I snapped this photo on a rainy afternoon in Omotesando, Tokyo this summer. I remember it was the first time I’d been there and I was wandering around in the downpour looking for an art gallery I was to write a piece about. I stopped at a small coffee shop to warm up and got out my camera.
The people passing by with umbrellas made for great scenes. This was my favorite photo from the day. I think it has a really strong narrative and it’s one of those split-second shots that happens to work. I love that it’s a shot which can never be replicated and I was lucky enough to see it and press the shutter in time.
Lately I’ve been experimenting with still-life and scenic type photography, where I use my tripod and take a long time composing the shot. I like the added ability a tripod gives you to be able to produce very sharp images in low light.
There is a pair of shoes hanging in the alleyway behind my house that I’ve been wanting to photograph for some time. The lighting wasn’t exactly how I wanted it today, but I thought I’d give it a go anyways.
I took two photos (with multiple tries per photo). This first photo is zoomed in closer which makes the shoes the primary focus, but I think I like the second one better with the full view of the alley. What do you think?
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Gregory Crewdson is one of my favorite artists. He takes amazing still life type photos using elaborate lighting and an 8×10 format film camera. The end result is incredible.
This year I got a tripod from my family for Christmas and I was feeling inspired by my current home of Los Angeles to try and take some similar photos. The three you see below were all taken after dark, but I can’t wait to do some twilight/sunset shots. There are tons of locations I’ve seen while out running all over the city that I’d love photograph in this way.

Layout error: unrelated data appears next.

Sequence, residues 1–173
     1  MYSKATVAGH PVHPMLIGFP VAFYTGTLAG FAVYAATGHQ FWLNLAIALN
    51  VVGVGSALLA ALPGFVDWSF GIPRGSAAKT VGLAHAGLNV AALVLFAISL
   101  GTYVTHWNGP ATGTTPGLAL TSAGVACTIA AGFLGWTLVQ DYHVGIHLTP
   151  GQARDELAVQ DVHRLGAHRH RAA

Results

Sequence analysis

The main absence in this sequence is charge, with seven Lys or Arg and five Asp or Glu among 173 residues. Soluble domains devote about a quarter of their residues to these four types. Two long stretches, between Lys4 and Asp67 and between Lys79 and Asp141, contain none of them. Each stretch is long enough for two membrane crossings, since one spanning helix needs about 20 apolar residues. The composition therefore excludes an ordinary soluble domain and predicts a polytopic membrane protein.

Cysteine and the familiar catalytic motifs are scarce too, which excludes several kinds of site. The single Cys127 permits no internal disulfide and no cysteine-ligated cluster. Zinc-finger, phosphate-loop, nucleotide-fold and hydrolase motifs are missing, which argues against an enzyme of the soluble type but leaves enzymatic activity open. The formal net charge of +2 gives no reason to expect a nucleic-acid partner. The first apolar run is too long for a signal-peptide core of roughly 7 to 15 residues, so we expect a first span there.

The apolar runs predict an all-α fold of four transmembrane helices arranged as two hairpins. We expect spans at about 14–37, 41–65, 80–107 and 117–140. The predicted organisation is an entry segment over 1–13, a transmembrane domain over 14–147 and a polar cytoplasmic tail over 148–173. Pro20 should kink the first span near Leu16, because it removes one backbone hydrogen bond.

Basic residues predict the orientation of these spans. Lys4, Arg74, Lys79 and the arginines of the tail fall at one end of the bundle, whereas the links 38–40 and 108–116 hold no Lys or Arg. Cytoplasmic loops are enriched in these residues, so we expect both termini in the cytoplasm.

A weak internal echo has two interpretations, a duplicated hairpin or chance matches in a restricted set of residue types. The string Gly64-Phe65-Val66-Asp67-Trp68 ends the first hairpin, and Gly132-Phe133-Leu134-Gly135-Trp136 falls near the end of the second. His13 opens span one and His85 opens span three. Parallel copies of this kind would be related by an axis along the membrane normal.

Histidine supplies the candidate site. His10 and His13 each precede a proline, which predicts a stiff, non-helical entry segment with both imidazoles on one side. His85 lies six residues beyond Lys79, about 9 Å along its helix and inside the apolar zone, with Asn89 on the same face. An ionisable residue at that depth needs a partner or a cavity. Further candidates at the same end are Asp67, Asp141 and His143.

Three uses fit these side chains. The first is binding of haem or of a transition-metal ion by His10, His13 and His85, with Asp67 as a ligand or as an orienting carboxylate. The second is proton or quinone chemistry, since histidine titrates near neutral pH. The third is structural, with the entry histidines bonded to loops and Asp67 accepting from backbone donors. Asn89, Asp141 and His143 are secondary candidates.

For these photos I used my Nikon D40 with a 18-70mm lens on my tripod. The exposures were between 8 and 20 seconds.
I took this series of photographs this November near my grandparents’ farm outside of Janesville, Wisconsin. Rural countryside in the winter, with the barren fields and pale sky, can feel immensely bleak; especially in black and white.
I used my Nikon N80 with t-max 400 film to take these photos. I think it was the perfect medium, given that a color photo would look almost the same that time year. In contrast to the landscape however, my grandparents’ home is extremely warm and welcoming.
Be sure to click the images to see full size!
This summer I was living in Tokyo and working as an intern at the Japan Times. One day my boss asked me if I would go to a festival at the Shinagawa Jinja Shrine to take pictures for a weekend events piece. I took the JR Yamanote line from my office to Shinagawa Station and walked to the shrine through a pleasant neighborhood to the shrine. I am always surprised how quiet parts of Tokyo are, despite being the world’s largest city. I arrived just as the evening’s ceremonies were beginning and took these photos.
There are thousands of shrines all over Tokyo, big and small. Most of them have a festival unique to the specific shrine that happens once a year. The festivals usually include a temple that gets carried around by men as well as other ceremonial activities. Unfortunately, I’m still not as familiar with religion in Japan as I am other aspects of the country.
None of my photos ended up getting used, but the experience was still one of the most memorable in my entire time in Japan!
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About a week ago I went to visit MacLeay Park in Portland. The park is one of my favorites not only for its natural beauty but because of all the Portland history behind it. I’m a huge history buff.
I was intending to use up the last few shots on my current roll of film, but nothing caught my eye. After enjoying the park for a while, ice cold rain started to fall so I called it a day and headed back to my car.
About a block away I noticed this scene and knew I’d found something special. This old Lincoln with New Jersey plates and ‘suicide’ doors was sitting next to a dead end sign. It was just what I was looking for.